How do franking credits work?

I don’t think it’s an exaggeration to say that the Australian Labor Party lost the 2019 federal election purely on the basis of their proposed changes to franking (aka imputed) credits.  Whether you thought the Australian Labor Party were right or not, it’s hard to deny that the negativity toward that policy was a key influence in a closely fought election.  So, what actually are franking credits?  And why did Australia feel strongly enough to reject a potential government which proposed changes to them?  In this article I’ll be looking at how franking credits work as well as how they apply to companies and their shareholders.  Before I unpack that though, I’ll give a brief overview of how we got to where we are now…

The Bad Old Days

Prior to 1987, there was no imputation (i.e. franking credit) system in Australia.  What this meant is that firstly, any profit a company would make would be taxed inside the company.  If the company then paid some of those post tax profits to their shareholders, the shareholders would then pay additional tax on those dividends.  This is best illustrated using an example:

  • Let’s say ABC Ltd made a $100 profit in 1986.  Back in 1986, the company tax rate was 49%.   This meant that ABC Ltd would be left with $51, after paying its $49 income tax bill.
  • Let’s also say that the same year, ABC Ltd decided to pay 100% of its profit to its one shareholder, Robert Hawke.  Since Robert earned more than $35K that year, he paid tax on any dividend income at 60%.  This means that of the $51 ABC Ltd dividend that Robert received, he paid a further $30.60 in personal income tax on it.
  • So, to put it into perspective, of the $100 profit made in ABC Ltd, Robert only saw $20.40 of it, due to taxes paid both in the company and by Robert personally.  That’s an effective tax rate of almost 80%!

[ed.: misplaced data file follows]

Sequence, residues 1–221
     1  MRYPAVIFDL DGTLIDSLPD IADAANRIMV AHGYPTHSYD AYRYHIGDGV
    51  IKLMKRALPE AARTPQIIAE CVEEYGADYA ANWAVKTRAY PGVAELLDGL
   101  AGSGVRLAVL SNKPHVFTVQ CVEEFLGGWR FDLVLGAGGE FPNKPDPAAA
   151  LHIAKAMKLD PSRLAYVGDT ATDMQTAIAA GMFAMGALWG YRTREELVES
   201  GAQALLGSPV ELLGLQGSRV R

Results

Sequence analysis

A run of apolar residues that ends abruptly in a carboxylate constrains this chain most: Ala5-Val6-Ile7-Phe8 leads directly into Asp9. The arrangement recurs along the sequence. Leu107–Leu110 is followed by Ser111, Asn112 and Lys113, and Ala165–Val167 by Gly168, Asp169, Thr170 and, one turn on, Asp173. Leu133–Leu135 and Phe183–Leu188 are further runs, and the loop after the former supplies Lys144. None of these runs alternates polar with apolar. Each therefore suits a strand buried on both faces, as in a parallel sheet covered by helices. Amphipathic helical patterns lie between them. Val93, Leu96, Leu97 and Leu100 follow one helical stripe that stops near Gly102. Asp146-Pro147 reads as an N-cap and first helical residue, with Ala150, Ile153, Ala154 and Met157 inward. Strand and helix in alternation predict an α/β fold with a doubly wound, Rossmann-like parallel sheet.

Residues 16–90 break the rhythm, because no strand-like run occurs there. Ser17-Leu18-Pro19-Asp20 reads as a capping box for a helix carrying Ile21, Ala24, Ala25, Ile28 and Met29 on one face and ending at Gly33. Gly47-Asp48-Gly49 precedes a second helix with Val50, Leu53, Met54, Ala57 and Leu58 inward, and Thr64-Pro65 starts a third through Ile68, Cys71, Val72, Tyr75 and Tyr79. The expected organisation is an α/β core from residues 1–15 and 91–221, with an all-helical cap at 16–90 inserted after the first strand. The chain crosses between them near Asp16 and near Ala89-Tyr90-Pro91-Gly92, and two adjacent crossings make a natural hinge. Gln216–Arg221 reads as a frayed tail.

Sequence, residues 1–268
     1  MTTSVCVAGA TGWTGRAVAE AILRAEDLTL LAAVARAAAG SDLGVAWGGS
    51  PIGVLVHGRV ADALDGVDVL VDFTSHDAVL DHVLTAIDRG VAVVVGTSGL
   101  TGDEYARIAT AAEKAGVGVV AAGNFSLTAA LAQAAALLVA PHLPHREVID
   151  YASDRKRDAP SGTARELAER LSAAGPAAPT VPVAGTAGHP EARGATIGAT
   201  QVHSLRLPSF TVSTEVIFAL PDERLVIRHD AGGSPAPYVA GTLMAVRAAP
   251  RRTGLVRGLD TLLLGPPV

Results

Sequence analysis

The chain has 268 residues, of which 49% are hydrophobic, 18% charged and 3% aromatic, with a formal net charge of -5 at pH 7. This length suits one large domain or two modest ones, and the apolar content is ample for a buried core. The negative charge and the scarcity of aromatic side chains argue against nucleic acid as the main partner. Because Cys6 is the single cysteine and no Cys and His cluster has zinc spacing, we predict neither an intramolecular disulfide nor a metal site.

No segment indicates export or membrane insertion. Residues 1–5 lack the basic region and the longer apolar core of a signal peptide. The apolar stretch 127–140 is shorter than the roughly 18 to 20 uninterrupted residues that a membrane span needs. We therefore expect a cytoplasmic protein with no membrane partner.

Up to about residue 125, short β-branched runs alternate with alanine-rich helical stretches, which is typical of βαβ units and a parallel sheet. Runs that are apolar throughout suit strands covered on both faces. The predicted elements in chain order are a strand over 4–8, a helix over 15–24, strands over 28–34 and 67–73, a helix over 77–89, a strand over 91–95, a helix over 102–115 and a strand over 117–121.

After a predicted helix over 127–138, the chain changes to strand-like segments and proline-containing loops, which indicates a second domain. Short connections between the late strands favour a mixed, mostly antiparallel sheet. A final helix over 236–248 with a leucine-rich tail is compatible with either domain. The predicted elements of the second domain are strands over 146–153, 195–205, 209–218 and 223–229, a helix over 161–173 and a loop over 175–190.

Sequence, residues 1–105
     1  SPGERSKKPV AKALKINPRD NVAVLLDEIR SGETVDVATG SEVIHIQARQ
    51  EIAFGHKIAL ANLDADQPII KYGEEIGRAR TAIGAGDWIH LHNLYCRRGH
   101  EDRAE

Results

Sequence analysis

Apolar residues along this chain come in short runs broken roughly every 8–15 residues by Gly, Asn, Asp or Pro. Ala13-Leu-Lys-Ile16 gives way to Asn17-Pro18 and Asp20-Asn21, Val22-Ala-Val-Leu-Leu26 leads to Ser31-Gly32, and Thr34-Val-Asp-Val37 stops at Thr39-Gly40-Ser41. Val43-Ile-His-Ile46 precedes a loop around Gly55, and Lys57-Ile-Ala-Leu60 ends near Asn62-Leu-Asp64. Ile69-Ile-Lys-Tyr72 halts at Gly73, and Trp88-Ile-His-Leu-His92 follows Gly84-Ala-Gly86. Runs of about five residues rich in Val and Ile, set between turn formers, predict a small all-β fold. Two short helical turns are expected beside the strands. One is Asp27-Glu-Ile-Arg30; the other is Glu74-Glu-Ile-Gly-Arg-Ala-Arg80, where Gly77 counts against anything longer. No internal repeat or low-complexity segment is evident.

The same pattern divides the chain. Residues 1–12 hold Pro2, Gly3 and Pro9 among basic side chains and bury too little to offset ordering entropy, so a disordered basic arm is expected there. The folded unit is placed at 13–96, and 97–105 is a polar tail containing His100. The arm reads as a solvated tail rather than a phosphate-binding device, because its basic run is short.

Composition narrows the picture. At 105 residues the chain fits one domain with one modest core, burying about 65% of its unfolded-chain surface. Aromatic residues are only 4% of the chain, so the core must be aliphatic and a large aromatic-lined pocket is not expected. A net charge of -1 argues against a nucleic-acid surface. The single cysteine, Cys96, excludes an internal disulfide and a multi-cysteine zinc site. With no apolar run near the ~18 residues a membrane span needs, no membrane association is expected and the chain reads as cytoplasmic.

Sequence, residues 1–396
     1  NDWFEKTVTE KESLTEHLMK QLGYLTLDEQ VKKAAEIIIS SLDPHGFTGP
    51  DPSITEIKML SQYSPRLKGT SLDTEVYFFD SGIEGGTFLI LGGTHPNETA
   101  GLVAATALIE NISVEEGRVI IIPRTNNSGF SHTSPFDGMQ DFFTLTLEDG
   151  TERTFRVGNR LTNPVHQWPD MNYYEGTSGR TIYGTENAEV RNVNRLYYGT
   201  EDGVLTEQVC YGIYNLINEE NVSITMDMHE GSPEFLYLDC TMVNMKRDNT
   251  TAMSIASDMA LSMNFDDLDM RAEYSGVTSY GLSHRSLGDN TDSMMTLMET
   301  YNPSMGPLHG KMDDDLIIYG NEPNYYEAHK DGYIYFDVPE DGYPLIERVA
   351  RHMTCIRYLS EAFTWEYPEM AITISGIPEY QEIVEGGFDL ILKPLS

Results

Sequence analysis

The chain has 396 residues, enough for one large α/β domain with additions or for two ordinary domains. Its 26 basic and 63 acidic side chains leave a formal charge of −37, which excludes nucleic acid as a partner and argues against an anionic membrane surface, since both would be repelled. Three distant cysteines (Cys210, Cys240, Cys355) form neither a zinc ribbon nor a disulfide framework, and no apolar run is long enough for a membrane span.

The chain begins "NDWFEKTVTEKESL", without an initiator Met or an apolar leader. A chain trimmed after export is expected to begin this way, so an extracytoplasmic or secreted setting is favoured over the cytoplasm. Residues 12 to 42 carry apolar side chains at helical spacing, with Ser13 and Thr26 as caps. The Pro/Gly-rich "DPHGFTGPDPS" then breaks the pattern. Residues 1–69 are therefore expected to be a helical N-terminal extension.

What effectively was happening was that the same company profit generated and then paid to shareholders was being taxed twice.  You would be forgiven for thinking this sounds a little unfair – it was!

The Frank Solution

In 1987, the federal Labor Government introduced the Imputation (i.e. franking credit) System to deal with this unfairness.  Although companies continued to pay income tax on their profits and pay dividends to their shareholders, there were a couple of key changes in how this system worked:

  1. The shareholder now paid tax on the grossed-up dividend (i.e. the dividend received + the company tax previously paid).  In the previous example, Robert Hawke would now be liable $60 tax on the dividend, being $100 x 60%.
  2. The shareholder would also receive a credit (i.e. franking credit) for their share of the tax already paid by the company on their dividend.  In the example above, this would be the $49 paid by the company.

So, after introduction of franking credits, Robert Hawke now effectively sees $40 of his share of the $100 company profits.  The company paid $49 income tax, and he would pay a further $11 (i.e. $60 income tax – $49 franking credit) on his individual tax return.  It still wasn’t great for Robert, but that’s probably more of a reflection of the huge tax rates in Australia in the 1980s than anything else.

The Liberal Twist

In 2001, the federal Liberal Government took the imputation system a step further.  They made franking credits refundable.  To understand the implications of this, you need a basic understanding of the Australian individual income tax system.  Australian individuals pay income tax each year based on a stepped system – essentially as your taxable income goes up each step, you pay proportionally more income tax.